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January 2008

January 2008 -- Dawn



  • Behind the Art:
    Practical Color Theory, Part 1
  • Myths and Symbols:
    Red, a King Dethroned
  • Healthy Green Artists:
    Green Resolutions
  • Artist Spotlight:
    The Whimsical work of Arthur Rackham, 1867-1939
  • EMG News:
    Dawn of a New Year
  • Wombat Droppings:
    Tackling New Media


  • Starting a Home Business for Artists
  • Starting With The GIMP, pt 1


  • Poem: City Fragments Resolved
  • Fiction: Understudy Dawn


  • Falheria: Dawn
  • Tomb of the King: Prologue

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  • Starting a Home Business for Artists
    by Ellen Million

    Getting started with a business can be rather overwhelming. For many artists, it's difficult to pin down a point when the gnawing need to create artwork actually becomes a profession. Someone innocently asks "How much would you charge for a picture?", and before you know it, you've sold some prints and painted up some commissions and you're thinking, "I could do this instead of flipping burgers or answering the phone for an insurance company!"

    Then there are hurdles, and you look with horror at schedule C of your tax form and realize you might need a business license, and you have to decide where to put the printer (and which one to buy), and your kids want to know when dinner is and you can't find the e-mail from an interested client. Hopefully, these tips will help smooth out your transition from a harmless hobby into the small business world.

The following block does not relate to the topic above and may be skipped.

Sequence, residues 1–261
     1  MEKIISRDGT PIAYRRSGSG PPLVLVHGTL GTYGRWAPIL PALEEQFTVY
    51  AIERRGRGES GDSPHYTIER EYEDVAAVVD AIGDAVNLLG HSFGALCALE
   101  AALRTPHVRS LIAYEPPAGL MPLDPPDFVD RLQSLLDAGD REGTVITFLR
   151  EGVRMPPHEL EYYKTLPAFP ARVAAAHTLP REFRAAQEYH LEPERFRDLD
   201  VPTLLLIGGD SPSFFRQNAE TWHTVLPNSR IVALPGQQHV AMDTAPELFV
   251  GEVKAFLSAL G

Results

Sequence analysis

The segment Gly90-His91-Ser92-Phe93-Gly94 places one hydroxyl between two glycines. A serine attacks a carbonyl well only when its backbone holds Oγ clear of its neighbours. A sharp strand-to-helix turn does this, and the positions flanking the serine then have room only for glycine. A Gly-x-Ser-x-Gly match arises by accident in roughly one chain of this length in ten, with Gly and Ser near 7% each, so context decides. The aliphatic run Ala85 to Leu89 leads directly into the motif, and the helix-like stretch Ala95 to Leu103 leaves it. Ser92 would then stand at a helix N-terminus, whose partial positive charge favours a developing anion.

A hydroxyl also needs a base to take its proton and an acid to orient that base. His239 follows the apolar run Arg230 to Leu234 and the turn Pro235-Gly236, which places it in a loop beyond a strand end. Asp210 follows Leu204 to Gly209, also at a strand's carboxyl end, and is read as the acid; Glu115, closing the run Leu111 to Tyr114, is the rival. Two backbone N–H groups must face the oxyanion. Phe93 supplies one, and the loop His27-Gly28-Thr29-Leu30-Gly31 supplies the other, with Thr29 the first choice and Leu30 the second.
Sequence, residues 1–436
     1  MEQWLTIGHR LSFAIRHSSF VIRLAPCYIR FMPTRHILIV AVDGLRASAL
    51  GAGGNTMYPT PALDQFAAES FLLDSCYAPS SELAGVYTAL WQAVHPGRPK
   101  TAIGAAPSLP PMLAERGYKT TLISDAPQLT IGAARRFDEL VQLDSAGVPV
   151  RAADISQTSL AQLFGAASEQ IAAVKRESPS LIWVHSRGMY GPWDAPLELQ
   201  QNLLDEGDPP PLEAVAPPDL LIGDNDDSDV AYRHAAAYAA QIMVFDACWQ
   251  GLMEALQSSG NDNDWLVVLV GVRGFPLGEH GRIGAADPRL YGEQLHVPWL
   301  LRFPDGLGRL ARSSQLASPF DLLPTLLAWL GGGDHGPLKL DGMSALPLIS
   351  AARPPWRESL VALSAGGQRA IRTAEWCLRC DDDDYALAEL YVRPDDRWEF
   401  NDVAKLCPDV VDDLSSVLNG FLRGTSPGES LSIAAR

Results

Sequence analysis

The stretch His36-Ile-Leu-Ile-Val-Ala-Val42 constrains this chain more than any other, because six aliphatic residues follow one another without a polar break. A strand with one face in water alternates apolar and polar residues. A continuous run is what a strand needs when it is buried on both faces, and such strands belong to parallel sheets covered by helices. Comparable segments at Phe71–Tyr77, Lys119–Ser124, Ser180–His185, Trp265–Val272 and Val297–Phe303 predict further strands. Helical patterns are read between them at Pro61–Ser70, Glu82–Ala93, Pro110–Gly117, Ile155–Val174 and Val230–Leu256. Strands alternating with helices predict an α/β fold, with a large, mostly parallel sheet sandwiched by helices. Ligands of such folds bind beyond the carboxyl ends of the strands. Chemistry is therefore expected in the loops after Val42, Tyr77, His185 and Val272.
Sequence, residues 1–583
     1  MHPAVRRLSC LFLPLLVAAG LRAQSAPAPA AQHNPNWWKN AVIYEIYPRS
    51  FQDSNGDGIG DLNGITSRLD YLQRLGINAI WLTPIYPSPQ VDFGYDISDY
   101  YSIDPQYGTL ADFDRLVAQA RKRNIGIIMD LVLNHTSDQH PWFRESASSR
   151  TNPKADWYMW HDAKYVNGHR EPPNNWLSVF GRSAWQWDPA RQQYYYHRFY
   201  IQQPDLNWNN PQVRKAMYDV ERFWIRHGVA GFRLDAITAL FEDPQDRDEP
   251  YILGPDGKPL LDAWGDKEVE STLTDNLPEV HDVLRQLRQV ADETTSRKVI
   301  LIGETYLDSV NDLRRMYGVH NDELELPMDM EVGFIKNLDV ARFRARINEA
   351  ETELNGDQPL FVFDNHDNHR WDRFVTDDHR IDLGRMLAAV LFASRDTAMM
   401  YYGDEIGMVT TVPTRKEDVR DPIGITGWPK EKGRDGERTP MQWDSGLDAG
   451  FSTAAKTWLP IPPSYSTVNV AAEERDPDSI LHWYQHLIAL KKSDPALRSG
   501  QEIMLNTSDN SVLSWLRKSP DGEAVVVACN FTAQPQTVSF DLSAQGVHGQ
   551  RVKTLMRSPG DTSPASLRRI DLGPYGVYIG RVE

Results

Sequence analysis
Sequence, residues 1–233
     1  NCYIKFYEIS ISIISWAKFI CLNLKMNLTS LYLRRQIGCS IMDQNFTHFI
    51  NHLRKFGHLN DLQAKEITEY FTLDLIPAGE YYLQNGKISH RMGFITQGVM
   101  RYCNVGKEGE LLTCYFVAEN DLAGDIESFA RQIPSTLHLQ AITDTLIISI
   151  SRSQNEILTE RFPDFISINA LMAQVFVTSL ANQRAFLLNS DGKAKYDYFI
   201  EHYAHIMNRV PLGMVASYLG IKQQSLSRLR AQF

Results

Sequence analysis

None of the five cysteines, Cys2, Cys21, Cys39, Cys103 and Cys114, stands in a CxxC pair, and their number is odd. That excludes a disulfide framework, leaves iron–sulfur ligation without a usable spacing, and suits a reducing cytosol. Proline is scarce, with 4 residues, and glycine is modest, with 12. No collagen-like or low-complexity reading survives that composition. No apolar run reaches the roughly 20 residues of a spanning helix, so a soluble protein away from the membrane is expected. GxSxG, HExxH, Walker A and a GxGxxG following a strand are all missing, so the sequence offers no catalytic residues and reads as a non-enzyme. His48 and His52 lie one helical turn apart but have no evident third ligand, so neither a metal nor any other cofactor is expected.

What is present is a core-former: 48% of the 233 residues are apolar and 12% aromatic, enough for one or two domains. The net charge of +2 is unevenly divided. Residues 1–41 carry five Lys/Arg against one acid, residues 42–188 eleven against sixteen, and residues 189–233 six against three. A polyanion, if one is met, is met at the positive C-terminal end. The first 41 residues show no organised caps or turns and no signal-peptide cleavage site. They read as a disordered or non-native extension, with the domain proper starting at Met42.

Getting Started

    Start with a plan. "I want to sell my art" is not a plan. You need to figure out what it is exactly that you want to sell. Do you want to do freelance work for publishers? Do you want to take personal commissions? Do you want to sell mousepads and t-shirts with your images on them? Do you want to sell originals?

    Decide what kind of income you need and desire, and sit down and figure out how many commissions you would have to turn out at what prices, how many prints you would have to sell and how much it will cost you to maintain the infrastructure to do these things.

    For example, if you need to be making $1500 a month to pay off your student loans, rent and utilities, and you figure you can make a $10/per print profit, you need to be selling 150 prints a month, or doing 3 commissions with a profit of $500 each. Naturally, you'll actually be doing some combination of these sales, and probably also taking odd illustrating jobs for a few bucks apiece. Having concrete numbers of the quotas that you would have to meet is very valuable in understanding the monetary importance of each kind of product or service, and for choosing where to invest your time and money.

    Make a schedule and stick to it. Kids, pets, husbands and other distractions must be planned for. There are always piddly little details to be taken care of, like back e-mails, filing, finances, letters of inquiry to publishers and/or advertisers, and the all-important art creation itself. Make sure you are working regularly at all of these things, spreading out your workload and prioritizing wisely, and be sure to take into account your own personal time when you are laying out your schedule. You'll go crazy without it, and it's better to schedule a day off once in a while than to take an unexpected month off trying out the fit of a straitjacket.

    Licenses and Taxes

    It has been said that the only sure things in life are death and the fact that your government wants your money. The specifics in this category are going to depend on what country you live in, and what the local restrictions are, but you can count on having to pay for licenses and taxes.